I'm curious about this "hacker defacement contest," that's been showing up in the news. I wasn't able to find the "official website" for this "contest" (though I didn't try very hard). The one URL I did come across was inaccessible when I'd tried a day or two ago. Perhaps it's been swamped due to all the media coverage. [On July 5, I was able to bring up the site. (When I did my suspicions grew.) You can go there now (send some more traffic his/their way) and see that it was a publicity stunt: defacers-challenge.com]
[July 17 NOTE/UPDATE: I had my suspicions about this contest, and was rather suprised about how much publicity it was getting (hence my commentary titled 'No "Real" Virus on My Mac in 20 Years', below). It's clear now that this so called "Defacement Challenge" was in actuality a hoax, leveraging FUD (Fear, Uncertainty, and Doubt) that the news media ate up and spewed out. You'll find a link to a page that has all the details on this hoax on my more recent entry here, titled Hackers Defacement Challenge: a Hoax.]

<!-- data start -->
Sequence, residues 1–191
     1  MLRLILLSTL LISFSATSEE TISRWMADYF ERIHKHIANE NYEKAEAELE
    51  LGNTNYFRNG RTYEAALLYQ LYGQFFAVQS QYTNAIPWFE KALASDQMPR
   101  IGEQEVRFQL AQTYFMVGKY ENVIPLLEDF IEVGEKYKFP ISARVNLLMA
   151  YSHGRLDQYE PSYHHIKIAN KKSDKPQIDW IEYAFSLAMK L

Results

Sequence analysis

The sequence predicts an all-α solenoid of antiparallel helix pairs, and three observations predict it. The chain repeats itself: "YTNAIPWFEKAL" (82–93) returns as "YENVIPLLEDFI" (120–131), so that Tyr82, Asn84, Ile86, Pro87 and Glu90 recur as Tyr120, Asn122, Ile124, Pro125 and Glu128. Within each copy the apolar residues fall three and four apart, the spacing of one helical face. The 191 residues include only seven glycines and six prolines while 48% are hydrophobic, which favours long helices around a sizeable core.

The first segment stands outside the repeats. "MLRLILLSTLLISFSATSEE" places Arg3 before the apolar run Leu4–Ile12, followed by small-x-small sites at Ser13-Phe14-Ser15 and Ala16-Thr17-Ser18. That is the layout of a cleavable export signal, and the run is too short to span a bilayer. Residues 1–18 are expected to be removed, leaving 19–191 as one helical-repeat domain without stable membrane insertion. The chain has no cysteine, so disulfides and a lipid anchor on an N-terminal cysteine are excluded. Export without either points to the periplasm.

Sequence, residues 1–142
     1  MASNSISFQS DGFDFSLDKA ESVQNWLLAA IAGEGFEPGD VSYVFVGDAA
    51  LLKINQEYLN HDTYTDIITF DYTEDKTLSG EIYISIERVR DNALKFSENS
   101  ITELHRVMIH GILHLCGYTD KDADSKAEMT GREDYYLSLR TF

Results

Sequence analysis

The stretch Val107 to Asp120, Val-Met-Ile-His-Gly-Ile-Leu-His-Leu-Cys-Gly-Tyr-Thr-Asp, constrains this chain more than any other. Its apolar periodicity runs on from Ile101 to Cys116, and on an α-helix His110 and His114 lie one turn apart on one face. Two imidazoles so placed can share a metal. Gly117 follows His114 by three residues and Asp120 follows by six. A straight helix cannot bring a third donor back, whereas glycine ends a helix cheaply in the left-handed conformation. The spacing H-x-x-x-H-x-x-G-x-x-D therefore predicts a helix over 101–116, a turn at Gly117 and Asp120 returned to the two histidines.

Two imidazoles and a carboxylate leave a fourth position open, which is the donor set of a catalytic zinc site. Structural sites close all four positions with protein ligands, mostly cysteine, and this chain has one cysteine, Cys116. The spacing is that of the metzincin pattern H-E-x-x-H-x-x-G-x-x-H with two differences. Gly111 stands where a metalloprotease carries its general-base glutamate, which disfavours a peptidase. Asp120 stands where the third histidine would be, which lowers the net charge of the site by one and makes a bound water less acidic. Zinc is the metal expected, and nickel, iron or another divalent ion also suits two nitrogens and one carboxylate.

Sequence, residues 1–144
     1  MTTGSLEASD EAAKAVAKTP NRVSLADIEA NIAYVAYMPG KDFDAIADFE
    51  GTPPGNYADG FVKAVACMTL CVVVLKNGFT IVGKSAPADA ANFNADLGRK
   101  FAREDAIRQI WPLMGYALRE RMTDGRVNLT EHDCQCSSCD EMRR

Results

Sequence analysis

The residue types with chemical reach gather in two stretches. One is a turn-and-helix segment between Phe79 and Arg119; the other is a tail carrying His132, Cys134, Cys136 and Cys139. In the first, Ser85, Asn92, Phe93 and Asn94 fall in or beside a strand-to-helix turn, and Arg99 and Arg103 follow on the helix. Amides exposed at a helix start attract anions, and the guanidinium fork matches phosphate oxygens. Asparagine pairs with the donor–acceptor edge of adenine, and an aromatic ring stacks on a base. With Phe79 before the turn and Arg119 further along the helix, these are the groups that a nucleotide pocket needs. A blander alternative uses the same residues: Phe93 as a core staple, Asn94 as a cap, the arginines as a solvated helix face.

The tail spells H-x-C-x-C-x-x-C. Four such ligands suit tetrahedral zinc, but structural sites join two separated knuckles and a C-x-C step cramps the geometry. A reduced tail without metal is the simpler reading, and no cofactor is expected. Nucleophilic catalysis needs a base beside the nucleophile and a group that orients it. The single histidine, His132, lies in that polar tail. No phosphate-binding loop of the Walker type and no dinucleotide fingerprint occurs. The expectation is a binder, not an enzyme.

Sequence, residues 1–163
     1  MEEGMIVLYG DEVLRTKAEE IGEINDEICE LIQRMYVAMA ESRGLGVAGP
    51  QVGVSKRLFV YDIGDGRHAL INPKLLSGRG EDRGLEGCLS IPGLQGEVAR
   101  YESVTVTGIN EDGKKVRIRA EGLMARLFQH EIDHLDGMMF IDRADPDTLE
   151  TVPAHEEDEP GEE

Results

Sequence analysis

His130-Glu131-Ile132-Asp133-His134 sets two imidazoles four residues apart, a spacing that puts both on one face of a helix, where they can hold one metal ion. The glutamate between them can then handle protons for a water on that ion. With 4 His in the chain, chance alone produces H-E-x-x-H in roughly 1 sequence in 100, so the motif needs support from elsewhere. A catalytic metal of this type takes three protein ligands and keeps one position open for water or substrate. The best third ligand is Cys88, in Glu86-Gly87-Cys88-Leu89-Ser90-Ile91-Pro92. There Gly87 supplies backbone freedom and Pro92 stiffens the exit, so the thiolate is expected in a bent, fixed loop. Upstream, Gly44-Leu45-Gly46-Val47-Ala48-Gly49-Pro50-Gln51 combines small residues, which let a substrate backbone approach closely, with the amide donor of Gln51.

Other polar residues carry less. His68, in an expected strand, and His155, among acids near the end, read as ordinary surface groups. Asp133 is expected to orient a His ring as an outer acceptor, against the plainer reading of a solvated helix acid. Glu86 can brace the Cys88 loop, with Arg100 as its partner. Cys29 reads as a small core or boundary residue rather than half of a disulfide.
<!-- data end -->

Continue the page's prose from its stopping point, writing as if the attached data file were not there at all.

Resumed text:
Here's what they're saying:
A hacking contest slated for this weekend could produce a rash of Web-site defacements worldwide, according to a warning issued Wednesday by security companies and government Internet security groups.
The hacker defacement contest is expected to kick off on Sunday. The contest supposedly will award free hosting services, Web mail, unlimited E-mail forwarding, and a domain name of choice for the triumphant hackers, according to a Web site promoting the contest.
Web-site defacement points will be awarded based on the type of operating system running the Web site. Defacement of Web sites running Windows will only win a single point, while sites running Linux, Unix, and BSD are each worth three points. Sites running AIX, IBM's version of Unix, are worth three points, while sites running HP-UX, Hewlett-Packard's version of Unix, and Apple's Macintosh computers are worth up to five points, according to the contest Web site.
No "Real" Virus on My Mac in 20 Years
It sounds like hacking a Mac is a bit more difficult for these hackers. This comes as no suprise, seeing how as I've never once come across a "true" virus on any of my Mac's in the past 20 years.
That's not to say there's zero threat. Perhaps I've just been lucky.
My First "Virus"
Back in the mid-eighties I do remember coming across something that I'd thought was a virus, but was quickly humbled by readers who'd seen the "virus alert" message I'd posted to a Washington (state) based BBS (bulletin-board system) [dialed-in over Sprint's "BBS Express" (or some similarly-named unlimited point-to-point nationwide dial-in "bridge" service) from the Bitteroot Valley in Montana, no less]. I think they called me an alarmist. I think they were right.
Read the Information Week article here.
Read the Mac News Network article here.